Species interactions are probably pretty important, in the evolution of life. There are all sorts of studies showing that the fitness and evolutionary history of individual species depends upon interactions with pollinators, symbiotes, food plants, herbivores, parasites, predators, and competitors. Most of these studies focus in on a single interaction—but what living thing interacts with only one other organism? Coevolution, when it happens, happens in a community context.
Adding even a second interaction into the scientific picture can be difficult, but it may also dramatically change the evolutionary outcome, as seen in a new study of evolution in the protozoan communities living in purple pitcher plants. Individually, competitors and predators are significant agents of natural selection—but together, they seem to counterbalance each other [$a].
Carnivorous pitcher plants grow funnel-shaped leaves that collect water to form a pitfall trap for hapless insects, which provide a source of nitrogen in swampy, nutrient-poor habitats. One species’ pitfall is another’s ideal habitat, however, and pitchers also play host to diverse micro-communities [PDF] of protozoans, bacteria, and even mosquito larvae. By recreating—and experimentally manipulating—these communities in the laboratory, the new study’s author, Casey terHorst, was able to disentangle the individual and combined effects of two different kinds of species interaction within pitcher plant pitfalls.
TerHorst focused on a protozoan species in the genus Colpoda, a widespread single-celled critter found in moist soil and standing water. In pitcher plants, Colpoda makes a living feeding on bacteria that break down insects trapped by the pitfall—and they themselves are prey for the larvae of the mosquito Wyeomyia smithii.
To determine the individual and combined effects of competition and predation on Colpoda, terHorst allowed experimental populations of the protozoan to evolve for 20 days (about 60-120 Colpoda generations) with either (1) no competitors or predators, (2) competition from another bacteria-eating protozoan, (3) predation by mosquito larvae, or (4) competition and predation. At the end of the experimental period, he sampled each evolved Colpoda population and measured a number of traits, including the size of Colpoda cells and their speed. Larger Colpoda cells are thought to be better competitors but more vulnerable to predators; faster ones should be better able to evade predation.
Individually, predators and competitors had significant effects on Colpoda evolution. In the presence of mosquito larvae, Colpoda evolved smaller, faster cells than it did alone. Unexpectedly, competitors also caused Colpoda to evolve smaller cells, though not faster ones. TerHorst suggests that this is because competition also favored more rapid reproduction by Colpoda, which meant that individual cells grew less before dividing.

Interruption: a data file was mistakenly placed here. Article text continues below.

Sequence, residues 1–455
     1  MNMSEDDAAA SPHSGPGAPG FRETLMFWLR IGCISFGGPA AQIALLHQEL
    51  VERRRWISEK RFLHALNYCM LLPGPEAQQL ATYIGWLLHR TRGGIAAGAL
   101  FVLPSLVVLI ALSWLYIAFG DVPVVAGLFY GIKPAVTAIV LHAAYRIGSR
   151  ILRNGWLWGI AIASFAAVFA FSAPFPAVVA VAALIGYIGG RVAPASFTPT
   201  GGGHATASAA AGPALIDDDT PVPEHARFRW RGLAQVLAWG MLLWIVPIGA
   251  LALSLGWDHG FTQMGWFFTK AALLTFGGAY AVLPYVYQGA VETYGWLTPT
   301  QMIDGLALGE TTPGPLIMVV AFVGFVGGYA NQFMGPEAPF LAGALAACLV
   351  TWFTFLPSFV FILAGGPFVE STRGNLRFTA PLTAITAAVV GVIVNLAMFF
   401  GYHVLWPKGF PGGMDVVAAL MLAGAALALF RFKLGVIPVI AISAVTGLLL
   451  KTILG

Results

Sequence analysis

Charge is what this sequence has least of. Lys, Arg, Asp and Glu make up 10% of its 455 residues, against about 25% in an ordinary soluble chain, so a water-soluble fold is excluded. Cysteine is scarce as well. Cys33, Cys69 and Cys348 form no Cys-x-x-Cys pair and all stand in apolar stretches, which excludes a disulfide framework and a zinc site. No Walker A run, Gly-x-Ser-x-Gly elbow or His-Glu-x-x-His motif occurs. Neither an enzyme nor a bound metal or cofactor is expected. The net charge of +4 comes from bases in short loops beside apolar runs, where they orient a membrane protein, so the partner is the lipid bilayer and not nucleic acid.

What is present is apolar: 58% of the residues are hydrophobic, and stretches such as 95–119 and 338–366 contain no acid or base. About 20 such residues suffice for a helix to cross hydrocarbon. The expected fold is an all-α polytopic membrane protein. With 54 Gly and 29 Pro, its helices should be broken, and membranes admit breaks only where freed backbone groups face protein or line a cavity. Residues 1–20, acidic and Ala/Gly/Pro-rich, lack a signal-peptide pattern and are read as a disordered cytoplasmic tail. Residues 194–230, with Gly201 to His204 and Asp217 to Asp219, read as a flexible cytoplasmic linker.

Most interestingly, though, Colpoda evolving in the presence of both predators and competitors looked quite a lot like Colpoda that evolved alone. This is apparently because the mosquito larvae ate both Colpoda and its competitor—the mosquitoes acted to relieve some competitive pressure on Colpoda at the same time they ate fewer Colpoda because they had two prey species to pursue. In fact, the mosquitoes preferred to eat the competitor species, since it tended to hang out in the open while Colpoda hid among the plastic beads lining the base of the artificial habitat.
Thus the indirect effects of the predator offsetting competition, and of the competitor drawing away predation, canceled out the natural selection each imposed on Colpoda individually. Species interactions in a community context, even a simple one like this, are far from straightforward.
Buckley, H., Burns, J., Kneitel, J., Walters, E., Munguia, P., & Miller, E. (2004). Small-scale patterns in community structure of Sarracenia purpurea inquilines. Community Ecology, 5 (2), 181-8 DOI: 10.1556/ComEc.5.2004.2.6
terHorst, C. (2010). Evolution in response to direct and indirect ecological effects in pitcher plant inquiline communities. The American Naturalist, 176 (6), 675-85 DOI: 10.1086/657047